Can a Sri Lankan company develop a AAA video game? Chamira Prasad Jayasinghe, Chief Executive and Founder of Arimac, a digital technology company, believes so. Arimac undertakes any digital project, be it gaming, virtual and augmented reality, mobile and enterprise solutions, artificial intelligence or robotics.
“We are tech agnostic,” Jayasinghe says. However, developing a AAA game gets Jayasinghe excited, and rightly so. The world has been enthralled by the likes of Fortnite, EVE, Guild Wars, Overwatch, Zelda, League of Legends, Total War and Call of Duty for the past decade. Video gaming competitions pay their winners more than PGA tours and Wimbledon. Reports indicate the video gaming industry is currently worth $152 billion, which is forecast to double by 2025.
Gaming is in Arimac’s foundations. Although the firm was founded in 2011, Jayasinghe honed his entrepreneurial skills during his sophomore year at the Sri Lanka Institute of Information and Technology. Jayasinghe, who attended on a scholarship, found his grades lagging behind the requirements for financial support. When the scholarship was withdrawn, Jayasinghe had to cover his tuition. He and his friends repaired laptops and wrote code as freelancers. By the third year, in 2009, they were developing video games.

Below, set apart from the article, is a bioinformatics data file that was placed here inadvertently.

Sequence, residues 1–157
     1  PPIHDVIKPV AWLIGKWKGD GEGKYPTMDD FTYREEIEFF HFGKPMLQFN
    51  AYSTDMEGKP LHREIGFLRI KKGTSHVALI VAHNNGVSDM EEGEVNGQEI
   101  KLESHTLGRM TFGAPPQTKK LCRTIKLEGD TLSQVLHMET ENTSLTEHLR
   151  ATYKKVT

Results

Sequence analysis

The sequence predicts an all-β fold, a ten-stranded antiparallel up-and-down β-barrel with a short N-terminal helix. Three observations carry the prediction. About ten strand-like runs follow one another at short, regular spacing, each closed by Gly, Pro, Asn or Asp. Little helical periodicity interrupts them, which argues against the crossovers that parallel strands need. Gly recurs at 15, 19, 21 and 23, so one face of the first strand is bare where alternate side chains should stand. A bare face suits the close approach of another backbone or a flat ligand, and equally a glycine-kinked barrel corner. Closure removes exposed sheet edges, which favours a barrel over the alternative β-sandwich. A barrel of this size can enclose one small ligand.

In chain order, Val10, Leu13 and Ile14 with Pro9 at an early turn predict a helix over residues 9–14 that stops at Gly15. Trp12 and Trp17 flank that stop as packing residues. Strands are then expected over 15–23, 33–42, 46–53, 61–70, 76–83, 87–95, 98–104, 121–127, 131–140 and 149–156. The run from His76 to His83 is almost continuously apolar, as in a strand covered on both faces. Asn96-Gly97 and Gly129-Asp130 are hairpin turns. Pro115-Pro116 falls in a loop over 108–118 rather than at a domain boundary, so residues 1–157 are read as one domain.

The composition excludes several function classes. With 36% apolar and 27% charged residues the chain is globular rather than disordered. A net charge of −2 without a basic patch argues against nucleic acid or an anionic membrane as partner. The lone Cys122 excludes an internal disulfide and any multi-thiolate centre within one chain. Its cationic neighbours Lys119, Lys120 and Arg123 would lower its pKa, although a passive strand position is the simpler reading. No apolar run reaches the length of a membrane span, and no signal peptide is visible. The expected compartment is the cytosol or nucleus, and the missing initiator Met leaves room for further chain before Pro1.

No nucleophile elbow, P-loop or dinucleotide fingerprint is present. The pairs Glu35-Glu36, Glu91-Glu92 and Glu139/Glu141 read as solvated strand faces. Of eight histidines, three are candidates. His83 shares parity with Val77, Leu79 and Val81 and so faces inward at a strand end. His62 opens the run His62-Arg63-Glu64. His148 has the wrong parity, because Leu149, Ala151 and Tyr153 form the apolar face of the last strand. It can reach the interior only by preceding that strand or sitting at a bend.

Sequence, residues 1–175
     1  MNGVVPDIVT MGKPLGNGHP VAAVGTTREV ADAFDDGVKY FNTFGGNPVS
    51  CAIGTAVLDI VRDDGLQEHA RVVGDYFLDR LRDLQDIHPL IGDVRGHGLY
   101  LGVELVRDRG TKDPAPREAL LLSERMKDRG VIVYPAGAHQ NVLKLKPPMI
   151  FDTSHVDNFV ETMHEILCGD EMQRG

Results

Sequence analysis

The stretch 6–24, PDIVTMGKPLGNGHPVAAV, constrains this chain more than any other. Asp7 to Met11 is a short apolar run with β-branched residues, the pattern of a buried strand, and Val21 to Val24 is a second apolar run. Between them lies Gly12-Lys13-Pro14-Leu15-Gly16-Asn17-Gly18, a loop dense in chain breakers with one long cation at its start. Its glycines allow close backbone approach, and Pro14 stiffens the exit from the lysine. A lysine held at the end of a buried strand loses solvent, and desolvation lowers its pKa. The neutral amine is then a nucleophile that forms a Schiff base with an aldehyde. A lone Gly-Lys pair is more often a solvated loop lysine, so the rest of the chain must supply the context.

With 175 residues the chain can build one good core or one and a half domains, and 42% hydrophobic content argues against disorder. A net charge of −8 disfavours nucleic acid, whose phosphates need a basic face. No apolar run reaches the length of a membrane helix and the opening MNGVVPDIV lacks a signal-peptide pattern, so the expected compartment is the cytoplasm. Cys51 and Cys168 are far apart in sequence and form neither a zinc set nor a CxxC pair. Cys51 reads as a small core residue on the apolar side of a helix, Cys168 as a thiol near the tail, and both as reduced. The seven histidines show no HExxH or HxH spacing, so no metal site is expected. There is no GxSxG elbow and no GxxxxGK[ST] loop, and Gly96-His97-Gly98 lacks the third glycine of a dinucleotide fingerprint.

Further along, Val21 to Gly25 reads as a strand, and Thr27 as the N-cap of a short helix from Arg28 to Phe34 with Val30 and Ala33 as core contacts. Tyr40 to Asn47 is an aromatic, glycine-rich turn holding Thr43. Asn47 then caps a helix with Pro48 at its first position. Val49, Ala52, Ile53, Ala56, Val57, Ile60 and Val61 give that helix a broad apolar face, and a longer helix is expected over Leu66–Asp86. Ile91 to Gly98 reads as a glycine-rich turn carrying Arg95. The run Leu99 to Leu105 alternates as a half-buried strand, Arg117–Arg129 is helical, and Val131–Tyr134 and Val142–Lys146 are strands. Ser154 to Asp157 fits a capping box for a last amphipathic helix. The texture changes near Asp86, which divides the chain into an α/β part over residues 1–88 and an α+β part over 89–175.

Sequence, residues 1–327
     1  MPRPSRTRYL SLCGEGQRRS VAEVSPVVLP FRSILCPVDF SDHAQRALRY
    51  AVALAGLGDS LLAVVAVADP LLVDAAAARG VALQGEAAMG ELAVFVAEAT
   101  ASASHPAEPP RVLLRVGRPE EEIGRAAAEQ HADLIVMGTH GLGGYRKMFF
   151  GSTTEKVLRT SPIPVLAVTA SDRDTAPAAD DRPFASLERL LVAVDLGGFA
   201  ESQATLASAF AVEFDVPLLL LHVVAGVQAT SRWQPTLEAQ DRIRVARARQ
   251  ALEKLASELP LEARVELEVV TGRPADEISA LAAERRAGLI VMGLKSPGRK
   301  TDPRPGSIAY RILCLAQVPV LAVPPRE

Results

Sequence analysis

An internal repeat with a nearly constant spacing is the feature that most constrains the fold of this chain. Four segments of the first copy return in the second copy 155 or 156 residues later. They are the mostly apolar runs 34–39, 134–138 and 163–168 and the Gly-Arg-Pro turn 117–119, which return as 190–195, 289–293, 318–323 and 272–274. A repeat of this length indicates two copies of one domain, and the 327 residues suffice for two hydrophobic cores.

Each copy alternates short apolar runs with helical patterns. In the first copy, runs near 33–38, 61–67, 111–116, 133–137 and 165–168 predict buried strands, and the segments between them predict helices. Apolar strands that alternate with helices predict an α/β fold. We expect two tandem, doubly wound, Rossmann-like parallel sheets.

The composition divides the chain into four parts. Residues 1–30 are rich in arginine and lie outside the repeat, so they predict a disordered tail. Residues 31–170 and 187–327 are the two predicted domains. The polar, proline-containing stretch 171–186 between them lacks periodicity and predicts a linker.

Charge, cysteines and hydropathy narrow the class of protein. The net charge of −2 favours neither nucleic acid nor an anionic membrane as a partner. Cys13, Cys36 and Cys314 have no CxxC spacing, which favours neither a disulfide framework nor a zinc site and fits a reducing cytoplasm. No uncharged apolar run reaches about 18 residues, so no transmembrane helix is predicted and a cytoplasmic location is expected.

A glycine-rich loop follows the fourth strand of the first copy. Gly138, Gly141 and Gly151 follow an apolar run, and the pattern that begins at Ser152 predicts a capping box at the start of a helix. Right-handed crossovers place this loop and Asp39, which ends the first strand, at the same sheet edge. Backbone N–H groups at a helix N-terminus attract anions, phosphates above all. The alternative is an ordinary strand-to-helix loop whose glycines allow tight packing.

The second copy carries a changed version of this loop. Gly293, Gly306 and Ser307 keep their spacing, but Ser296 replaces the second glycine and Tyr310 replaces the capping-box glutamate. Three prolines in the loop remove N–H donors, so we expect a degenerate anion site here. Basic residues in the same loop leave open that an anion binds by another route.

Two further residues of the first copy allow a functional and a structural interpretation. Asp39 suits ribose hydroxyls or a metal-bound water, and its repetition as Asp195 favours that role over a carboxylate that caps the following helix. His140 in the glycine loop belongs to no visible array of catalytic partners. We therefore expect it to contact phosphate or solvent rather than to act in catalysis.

The leap to form Arimac was taken when Jayasinghe realized how high his ambitions went. Arimac opted for its first fundraising round in 2017 when the firm had $500,000 in revenue. Venture Capitalist Nimal Perera invested Rs250 million. In its second round in 2019, Arimac raised funds from the Emerald Zephyr Fund with a Rs1 billion company valuation. Revenue had grown to $3 million. By then, Arimac had already tried its hand at the impressive sandbox Kanchayuda, a fully-fledged game, and mobile gaming.
“Initially, we will collaborate with some of the larger gaming studios with outsourcing to build our portfolio, and we want to have Sri Lanka’s first AAA game by 2023,” Jayasinghe says. Of the firm’s 130 employees, 30 are in game design, which includes one of the world’s leading authorities on the Unreal Engines—a popular tool for developing video games.
For now, Arimac generates most of its sales through Airspace, the world’s first platform that connects legacy consumer, corporate and staff systems of airlines that had operated in silos. Emirates and Etihad were its earliest users. Some Asia Pacific airlines are currently onboarding. Later this year, Jayasinghe will begin sales in the US market, starting with the west coast. He aims for Arimac to become a unicorn by 2028.